Joseph Reed to Virginia Delegates
FC (Division of Public Records of the Pennsylvania Historical and Museum Commission). Addressed to “the Hon. the Delegates of Virginia.”
[10 July 1781]
I have the Honour to acknowledge the Receipt of your Memorial on the Detention of the Property of the State of Virginia.1 And beg Leave to assure you of our entire Disapprobation of the Measure & Concern at so disagreeable an Incidint. As the Case is of the first Impression, & the Procedure thereupon may tend to establish a Precedent of great Importance we have thought it proper to advise with the Law Officer of the State & shall communicate as soon as possible the Result.2 In the mean Time I am very respectfully Gen. Your obed. Hbble Ser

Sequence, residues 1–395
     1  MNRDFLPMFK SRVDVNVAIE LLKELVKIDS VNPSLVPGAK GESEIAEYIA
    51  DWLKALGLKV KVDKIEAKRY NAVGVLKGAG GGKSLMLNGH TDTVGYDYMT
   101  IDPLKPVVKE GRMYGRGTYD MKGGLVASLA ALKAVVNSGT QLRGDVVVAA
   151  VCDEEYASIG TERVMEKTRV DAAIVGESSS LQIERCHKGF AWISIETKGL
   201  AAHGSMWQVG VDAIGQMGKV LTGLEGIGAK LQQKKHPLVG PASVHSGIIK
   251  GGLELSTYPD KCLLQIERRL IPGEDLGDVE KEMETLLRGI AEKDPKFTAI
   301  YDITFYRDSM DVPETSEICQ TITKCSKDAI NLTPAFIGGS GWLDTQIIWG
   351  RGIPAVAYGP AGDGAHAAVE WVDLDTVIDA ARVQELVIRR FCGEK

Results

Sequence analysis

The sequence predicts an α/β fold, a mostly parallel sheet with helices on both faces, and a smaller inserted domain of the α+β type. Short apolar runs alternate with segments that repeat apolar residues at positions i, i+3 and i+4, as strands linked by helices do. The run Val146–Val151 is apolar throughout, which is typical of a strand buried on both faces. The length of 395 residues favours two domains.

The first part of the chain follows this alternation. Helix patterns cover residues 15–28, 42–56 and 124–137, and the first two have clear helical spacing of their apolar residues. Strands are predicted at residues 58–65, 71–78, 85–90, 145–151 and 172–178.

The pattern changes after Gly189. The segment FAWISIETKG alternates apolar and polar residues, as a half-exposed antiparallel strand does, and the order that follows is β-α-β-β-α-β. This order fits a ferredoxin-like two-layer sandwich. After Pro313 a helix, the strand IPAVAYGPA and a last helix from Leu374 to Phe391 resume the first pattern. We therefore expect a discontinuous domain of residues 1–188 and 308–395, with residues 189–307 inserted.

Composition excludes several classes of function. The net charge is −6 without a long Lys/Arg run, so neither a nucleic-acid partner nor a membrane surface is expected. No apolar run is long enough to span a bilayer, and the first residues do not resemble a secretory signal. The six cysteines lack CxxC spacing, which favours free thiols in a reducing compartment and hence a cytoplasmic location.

2. On 10 July President Reed requested William Bradford, Jr., the attorney general of Pennsylvania and JM’s close friend, to confer promptly with Chief Justice Thomas McKean and Justice George Bryan of the State Supreme Court, and to submit an “opinion of the whole—whether any, and what Relief can be given consistent with the Laws & Constitution of the State.” In his reply two days later, Bradford stated: “We are all of Opinion That the Commonwealth of Virginia being an independent & Sovereign power, cannot be compelled to appear or answer in any Court of Justice within this State. That all process directed against the person of a Sovereign or against his Goods is absolutely void; that the Sheriff cannot be compelled to serve or return it: and that all concerned in issuing or serving such process are guilty of a violation of the laws of nations: That the Supreme Executive power has a right to enquire into the circumstances of this affair, to call the party and the Sheriff before them and to direct that the Goods attached be immediately delivered up to the Person out of whose possession they have been taken or in whose hands they are attached. And in case of disobedience to commit them to Gaol to answer for the offence” (Pennsylvania Archives description begins Samuel Hazard et al., eds., Pennsylvania Archives (9 ser., 138 vols.; Philadelphia and Harrisburg, 1852–1949). description ends , 1st ser., IX, 266, 272).